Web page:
High school students and their parents are invited to a Jewish College Night program March 14 at the Mittleman Jewish Community Center.
This free joint program of Portland Area Jewish Educators (a program of the Jewish Federation of Greater Portland) and the MJCC runs from 6:30 to 8 pm. The evening will present information about college admissions, financial planning for college, Jewish campus organizations and gap year programs.
Those scheduled to speak at the event are Jodi Walder-Biesanz, college admissions coach; Tim Tank, financial planner; Andy Gitelson, Oregon Hillel Foundation; Shiran Halfon, Greater Portland Hillel; Amy Sherer, University of Washington Hillel; Rabbi Dov Bialo, Chabad Student Center at Reed; Shira Melul, Akiva at University of Oregon; and Miera Spivak, Oregon NCSY, who will speak on gap year programs.
“It is imperative that Jewish teens consider the presence of Jewish organizations on campus, such as Hillel, during their college search, not only because of the opportunities to observe Jewish holidays and connecting with a Jewish network, but because of the support and advocacy that we provide during the college experience,” says Andy Gitelson, the executive director of Oregon Hillel Foundation at the University of Oregon and Oregon State University.
Tim Tank, a financial advisor at Morgan Stanley Wealth Management, has been assisting families with college financial planning strategies for about 10 years.
“Successful college planning may be as simple as knowing the rules,” says Tim. “The college financial aid forms (and college aid offices) work similar to your tax return. While you may not know all the rules, the rules are often black and white.
“For many families, planning for college is simply an extension of the parents’ retirement planning,” he says, noting much of his presentation will target the parents in the audience. “If the college planning is not done correctly, it can permanently alter the retirement plan.”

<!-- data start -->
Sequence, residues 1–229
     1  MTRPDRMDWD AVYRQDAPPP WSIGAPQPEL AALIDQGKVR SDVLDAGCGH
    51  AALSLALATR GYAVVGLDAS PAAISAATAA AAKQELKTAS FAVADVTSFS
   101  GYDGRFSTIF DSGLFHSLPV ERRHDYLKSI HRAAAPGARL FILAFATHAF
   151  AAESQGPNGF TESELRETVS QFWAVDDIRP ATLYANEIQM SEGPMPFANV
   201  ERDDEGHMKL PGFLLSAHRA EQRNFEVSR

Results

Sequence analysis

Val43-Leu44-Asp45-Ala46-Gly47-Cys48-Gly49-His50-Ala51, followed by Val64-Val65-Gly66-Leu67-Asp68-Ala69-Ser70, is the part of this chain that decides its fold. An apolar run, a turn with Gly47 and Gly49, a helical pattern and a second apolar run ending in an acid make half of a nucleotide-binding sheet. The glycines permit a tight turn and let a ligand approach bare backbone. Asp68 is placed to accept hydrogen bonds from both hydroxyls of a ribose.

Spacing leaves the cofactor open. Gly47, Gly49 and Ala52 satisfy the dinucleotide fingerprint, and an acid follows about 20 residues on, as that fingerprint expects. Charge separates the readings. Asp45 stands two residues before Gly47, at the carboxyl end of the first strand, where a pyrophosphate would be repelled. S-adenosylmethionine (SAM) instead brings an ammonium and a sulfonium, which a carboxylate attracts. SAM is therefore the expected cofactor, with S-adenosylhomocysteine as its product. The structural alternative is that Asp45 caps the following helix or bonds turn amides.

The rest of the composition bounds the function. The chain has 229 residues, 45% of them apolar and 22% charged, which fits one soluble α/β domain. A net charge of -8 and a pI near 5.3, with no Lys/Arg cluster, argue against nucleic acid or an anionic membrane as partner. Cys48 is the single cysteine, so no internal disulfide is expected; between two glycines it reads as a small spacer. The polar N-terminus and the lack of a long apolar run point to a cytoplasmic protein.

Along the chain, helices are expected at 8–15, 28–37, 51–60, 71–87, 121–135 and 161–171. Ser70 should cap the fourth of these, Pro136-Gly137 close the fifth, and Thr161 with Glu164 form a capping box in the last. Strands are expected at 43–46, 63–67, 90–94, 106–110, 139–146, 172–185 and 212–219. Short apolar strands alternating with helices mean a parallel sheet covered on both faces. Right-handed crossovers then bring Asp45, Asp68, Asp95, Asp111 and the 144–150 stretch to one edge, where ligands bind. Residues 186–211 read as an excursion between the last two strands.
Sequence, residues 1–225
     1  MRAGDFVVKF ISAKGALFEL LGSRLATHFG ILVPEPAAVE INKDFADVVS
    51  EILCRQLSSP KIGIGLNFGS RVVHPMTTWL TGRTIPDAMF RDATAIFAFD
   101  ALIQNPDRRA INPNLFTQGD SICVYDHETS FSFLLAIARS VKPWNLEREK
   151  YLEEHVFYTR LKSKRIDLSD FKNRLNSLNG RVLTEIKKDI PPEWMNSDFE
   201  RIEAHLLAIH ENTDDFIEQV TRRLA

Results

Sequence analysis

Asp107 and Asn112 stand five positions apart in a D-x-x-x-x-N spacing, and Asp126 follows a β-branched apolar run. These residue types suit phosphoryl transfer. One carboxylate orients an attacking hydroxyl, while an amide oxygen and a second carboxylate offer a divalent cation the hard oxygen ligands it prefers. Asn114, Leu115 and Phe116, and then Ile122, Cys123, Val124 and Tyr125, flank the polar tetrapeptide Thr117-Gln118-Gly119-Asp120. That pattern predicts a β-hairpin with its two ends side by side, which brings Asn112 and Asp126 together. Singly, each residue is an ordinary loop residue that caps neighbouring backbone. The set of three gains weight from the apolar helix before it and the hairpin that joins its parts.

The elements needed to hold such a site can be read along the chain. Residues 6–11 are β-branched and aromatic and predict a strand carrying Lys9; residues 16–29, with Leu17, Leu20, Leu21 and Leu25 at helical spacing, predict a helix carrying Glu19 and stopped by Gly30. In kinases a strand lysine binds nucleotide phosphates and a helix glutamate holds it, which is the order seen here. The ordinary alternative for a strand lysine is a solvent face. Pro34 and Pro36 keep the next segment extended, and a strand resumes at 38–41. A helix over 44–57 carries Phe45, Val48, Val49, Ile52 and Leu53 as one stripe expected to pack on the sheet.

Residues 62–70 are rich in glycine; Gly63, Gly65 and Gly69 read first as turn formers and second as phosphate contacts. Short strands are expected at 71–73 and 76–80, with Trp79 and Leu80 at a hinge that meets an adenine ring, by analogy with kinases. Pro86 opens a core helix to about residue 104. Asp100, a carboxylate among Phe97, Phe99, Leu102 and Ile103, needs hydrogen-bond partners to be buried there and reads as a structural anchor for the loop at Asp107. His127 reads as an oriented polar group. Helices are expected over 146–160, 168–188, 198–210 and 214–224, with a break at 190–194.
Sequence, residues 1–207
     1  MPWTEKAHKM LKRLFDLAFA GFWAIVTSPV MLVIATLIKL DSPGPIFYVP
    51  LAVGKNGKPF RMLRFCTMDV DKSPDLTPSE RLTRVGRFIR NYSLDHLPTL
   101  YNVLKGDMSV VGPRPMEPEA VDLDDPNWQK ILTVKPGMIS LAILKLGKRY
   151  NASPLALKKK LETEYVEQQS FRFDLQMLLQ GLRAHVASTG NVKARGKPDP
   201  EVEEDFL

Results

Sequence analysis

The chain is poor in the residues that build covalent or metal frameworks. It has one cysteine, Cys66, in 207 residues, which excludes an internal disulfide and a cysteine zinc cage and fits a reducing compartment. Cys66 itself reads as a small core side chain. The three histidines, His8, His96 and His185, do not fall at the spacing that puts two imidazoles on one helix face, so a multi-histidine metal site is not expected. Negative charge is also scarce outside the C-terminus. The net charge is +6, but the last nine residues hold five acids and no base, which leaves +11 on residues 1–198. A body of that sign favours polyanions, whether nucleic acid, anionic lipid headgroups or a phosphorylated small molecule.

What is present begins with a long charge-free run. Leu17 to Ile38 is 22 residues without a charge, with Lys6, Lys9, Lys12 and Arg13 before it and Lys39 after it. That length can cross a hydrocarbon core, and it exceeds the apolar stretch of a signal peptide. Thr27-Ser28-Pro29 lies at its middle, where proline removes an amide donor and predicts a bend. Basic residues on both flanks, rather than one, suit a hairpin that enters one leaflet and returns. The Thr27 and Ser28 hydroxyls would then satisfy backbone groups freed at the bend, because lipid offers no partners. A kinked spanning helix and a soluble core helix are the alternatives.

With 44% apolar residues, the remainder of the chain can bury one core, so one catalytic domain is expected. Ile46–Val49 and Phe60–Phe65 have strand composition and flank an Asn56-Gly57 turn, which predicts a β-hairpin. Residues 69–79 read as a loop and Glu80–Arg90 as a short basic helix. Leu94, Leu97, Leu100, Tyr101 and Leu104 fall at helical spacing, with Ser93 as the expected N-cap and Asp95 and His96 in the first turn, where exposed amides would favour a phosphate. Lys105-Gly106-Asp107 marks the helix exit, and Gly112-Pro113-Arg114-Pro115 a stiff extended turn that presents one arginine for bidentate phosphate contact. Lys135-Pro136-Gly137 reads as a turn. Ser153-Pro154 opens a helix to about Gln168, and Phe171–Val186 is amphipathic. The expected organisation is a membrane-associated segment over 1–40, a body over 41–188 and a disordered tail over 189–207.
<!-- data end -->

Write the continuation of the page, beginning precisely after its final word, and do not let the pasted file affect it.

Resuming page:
College Admission Coach Jodi Walder-Biesanz puts her drama degree from UC Irvine to good use, admitting she can be overly dramatic when explaining why it is important to find a right match college. Jodi got her college counseling certificate from UCLA in 2005 and since then has helped more than 600 students navigate the college admissions process.
“Our society is pretty obsessed with college admissions, and the media frenzy can ratchet up the stress level of students and parents in very unhealthy ways,” says Jodi, noting she hopes students in grades eight to 11 and their parents will attend the college night. She likes to begin working with students in ninth grade, but doesn’t want older students to think it’s too late. “The college exploration process should be one of self-reflection and discovery for the student.”
In anticipation of college night, Jodi shared the following facts many families may not know:
- Students do not need to take both the ACT and SAT, and there are over 800 four-year colleges across the U.S. that do not require standardized tests for admission.
- College admission officers are more impressed by students who have a paid job (think FroYo or McD’s) than they are by students who spend their summers at expensive camps or on international service trips.
- When it comes to post-college success, it is not where you go to college, but what you do while you are there that matters.
For more information or to register, visit oregonjcc.org/collegenight. Walk-ins are welcome.